With tensions between an aggressive China and an emerging India intensifying, there will be significant changes and challenges in the Indian Ocean and South Asian regions. As 2022 comes to an end, the world is embracing a ‘new normal’ where new fault lines are being reconfigured in the Indo-Pacific.
Recent clashes between Indian and Chinese soldiers along the Line of Actual Control, or LAC, have once again underscored how a 20th-century conflict continues to shape the 21st-century trajectory of Sino-Indian relations and constrain New Delhi’s aspirations to play a larger role on the global stage. The Galwan Valley crisis of 2020 made it clear that Beijing had no intention of diplomatically resolving its border dispute with India. It also pushed Indian decision-makers into making certain choices that they were reluctant to make in the past, hoping against hope that engagement with China would be enough to produce the desired results.
The Chinese approach gels rather well with the Arab World’s ‘Act East Policy’. The COVID-19 pandemic has been a major challenge for China, with unprecedented lockdowns and occasional horror stories of the origins and spread of COVID-19 and how it has been dealt with, leading to nationwide protests which have been partially successful in achieving the winding down of excessive COVID-19 restrictions. President Xi Jinping, emboldened after being crowned the third time by the 20th National Congress of the Chinese Communist Party (CPC), did have the taste of people’s ire and his limitations as the Chinese economy was also being hurt and a downward trend was being noticed.
This column argues that for India to continue to sustain the position it has occupied for some years as the largest recipient of gross inward remittance flows, it would be necessary to aim Indian diplomacy toward expanding greater global economic and education space for Indians.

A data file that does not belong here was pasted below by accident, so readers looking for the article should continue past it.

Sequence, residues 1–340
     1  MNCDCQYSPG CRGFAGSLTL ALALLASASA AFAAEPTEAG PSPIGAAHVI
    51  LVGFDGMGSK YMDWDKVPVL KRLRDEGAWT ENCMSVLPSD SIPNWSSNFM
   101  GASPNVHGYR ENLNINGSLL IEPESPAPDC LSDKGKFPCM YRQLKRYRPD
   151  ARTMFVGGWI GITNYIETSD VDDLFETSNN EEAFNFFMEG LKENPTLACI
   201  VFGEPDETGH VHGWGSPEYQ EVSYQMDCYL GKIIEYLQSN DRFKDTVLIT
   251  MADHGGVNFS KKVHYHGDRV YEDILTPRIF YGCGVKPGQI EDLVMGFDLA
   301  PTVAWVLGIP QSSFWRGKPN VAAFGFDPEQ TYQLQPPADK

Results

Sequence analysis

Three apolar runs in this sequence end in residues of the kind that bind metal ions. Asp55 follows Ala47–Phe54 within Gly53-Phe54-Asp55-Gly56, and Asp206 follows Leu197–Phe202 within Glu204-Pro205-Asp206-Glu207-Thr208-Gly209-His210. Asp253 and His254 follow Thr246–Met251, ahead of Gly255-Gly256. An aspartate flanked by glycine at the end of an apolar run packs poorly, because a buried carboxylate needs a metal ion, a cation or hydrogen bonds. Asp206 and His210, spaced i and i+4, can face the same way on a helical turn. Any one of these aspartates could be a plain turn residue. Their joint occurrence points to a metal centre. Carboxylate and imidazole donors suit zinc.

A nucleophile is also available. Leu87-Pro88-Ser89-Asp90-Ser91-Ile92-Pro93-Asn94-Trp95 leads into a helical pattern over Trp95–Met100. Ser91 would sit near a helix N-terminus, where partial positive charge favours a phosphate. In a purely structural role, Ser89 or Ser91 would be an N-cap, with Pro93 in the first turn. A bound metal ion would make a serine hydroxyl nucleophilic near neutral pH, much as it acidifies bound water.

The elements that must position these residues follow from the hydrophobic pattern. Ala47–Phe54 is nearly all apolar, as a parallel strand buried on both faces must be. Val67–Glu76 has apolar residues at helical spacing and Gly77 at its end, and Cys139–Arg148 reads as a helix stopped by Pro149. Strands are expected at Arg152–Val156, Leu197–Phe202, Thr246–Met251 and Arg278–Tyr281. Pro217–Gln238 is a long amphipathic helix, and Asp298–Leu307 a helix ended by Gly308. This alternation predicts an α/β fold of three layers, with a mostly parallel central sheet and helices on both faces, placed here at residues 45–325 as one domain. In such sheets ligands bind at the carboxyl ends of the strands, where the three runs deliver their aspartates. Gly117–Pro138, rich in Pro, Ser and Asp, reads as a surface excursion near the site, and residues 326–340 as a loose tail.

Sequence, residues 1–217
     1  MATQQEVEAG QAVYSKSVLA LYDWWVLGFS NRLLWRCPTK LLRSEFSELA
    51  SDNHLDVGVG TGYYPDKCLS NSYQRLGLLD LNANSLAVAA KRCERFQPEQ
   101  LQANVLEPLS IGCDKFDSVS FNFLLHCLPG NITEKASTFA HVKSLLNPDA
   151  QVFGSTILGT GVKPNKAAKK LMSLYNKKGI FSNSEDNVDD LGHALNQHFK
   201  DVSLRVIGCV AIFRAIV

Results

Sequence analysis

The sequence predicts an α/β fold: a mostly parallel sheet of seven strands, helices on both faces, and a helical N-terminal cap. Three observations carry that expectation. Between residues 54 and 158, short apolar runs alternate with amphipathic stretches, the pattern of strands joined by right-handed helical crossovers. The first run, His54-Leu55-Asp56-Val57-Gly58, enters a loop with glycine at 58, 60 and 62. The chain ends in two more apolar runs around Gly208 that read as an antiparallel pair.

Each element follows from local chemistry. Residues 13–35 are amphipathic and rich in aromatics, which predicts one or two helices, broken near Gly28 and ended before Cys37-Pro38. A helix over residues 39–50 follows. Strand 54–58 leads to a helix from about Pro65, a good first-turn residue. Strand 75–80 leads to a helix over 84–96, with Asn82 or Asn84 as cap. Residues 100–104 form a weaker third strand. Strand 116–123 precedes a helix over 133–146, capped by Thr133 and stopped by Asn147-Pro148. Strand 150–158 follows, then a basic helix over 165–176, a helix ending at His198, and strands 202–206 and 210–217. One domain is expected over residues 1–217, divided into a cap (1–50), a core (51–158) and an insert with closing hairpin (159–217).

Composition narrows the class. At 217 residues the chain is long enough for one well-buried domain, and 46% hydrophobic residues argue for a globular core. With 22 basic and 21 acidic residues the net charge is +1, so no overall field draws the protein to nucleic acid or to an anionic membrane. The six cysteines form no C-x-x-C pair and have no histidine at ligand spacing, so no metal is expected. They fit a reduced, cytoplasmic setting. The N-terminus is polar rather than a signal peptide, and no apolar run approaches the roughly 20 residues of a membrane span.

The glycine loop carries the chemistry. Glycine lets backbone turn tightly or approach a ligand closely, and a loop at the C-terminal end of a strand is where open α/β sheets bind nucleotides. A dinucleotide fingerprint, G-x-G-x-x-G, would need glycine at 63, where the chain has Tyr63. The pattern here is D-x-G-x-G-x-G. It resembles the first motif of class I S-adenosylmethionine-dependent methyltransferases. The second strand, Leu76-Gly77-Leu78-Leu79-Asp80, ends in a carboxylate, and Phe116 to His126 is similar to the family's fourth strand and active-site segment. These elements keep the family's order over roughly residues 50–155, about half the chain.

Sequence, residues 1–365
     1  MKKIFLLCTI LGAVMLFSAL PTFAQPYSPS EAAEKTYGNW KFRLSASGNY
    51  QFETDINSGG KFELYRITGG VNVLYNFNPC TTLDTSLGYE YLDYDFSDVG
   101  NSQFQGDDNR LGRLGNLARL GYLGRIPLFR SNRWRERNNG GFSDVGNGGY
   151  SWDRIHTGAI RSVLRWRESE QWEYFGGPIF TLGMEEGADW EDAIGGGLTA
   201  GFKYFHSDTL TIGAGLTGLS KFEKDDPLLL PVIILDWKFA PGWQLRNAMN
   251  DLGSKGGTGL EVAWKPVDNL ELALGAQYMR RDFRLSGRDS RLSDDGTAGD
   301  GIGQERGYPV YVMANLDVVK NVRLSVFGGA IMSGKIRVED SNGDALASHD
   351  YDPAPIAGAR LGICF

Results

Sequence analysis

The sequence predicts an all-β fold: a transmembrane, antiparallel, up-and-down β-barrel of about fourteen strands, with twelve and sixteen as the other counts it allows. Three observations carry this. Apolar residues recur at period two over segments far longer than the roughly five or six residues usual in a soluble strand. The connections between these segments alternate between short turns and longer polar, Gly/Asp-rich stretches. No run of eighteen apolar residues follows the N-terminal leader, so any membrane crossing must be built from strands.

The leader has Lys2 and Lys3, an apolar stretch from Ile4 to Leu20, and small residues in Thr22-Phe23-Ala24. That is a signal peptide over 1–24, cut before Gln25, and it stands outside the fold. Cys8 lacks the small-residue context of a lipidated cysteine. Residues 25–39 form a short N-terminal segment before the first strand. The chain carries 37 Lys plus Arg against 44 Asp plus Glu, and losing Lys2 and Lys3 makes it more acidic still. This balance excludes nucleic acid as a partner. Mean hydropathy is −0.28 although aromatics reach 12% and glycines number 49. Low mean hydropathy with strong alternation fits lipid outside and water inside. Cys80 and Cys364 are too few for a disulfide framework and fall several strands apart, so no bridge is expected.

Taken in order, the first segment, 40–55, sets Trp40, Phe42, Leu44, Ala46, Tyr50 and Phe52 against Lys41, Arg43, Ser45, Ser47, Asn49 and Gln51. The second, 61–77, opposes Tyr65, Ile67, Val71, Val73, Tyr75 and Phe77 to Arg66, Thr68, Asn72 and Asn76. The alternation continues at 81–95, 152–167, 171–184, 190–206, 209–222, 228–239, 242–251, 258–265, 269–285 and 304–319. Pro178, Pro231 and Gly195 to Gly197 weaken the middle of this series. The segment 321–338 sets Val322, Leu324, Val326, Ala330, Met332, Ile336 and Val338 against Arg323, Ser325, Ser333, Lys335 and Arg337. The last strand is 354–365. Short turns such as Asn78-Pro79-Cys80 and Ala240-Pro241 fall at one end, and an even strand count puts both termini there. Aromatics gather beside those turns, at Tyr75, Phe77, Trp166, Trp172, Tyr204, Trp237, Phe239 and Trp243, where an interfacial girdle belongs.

India’s proposal at the G20 presidency to phase out all fossil fuels, including gas and oil, sustainably and equitably construes the much-needed step away from planet-scale extinction of habitats and destruction of livelihoods.
Germany is changing, its strategic worldview is evolving, and its arrival on the global stage as a geopolitical player comes with immense possibilities. This was displayed during German foreign minister Annalena Baerbock’s maiden visit to India last week. Her clear and confident articulation of Berlin priorities was in sync with expectations in New Delhi about the need for a robust India-Germany and India-European Union (EU) partnership to tackle the formidable challenges that the world faces.
President Xi Jinping is visiting Saudi Arabia from December 7-10 for his second bilateral visit to the Kingdom since 2016, when he visited Cairo and Tehran as well in an epoch-making and biggest-ever Chinese diplomatic initiative in the Arab world.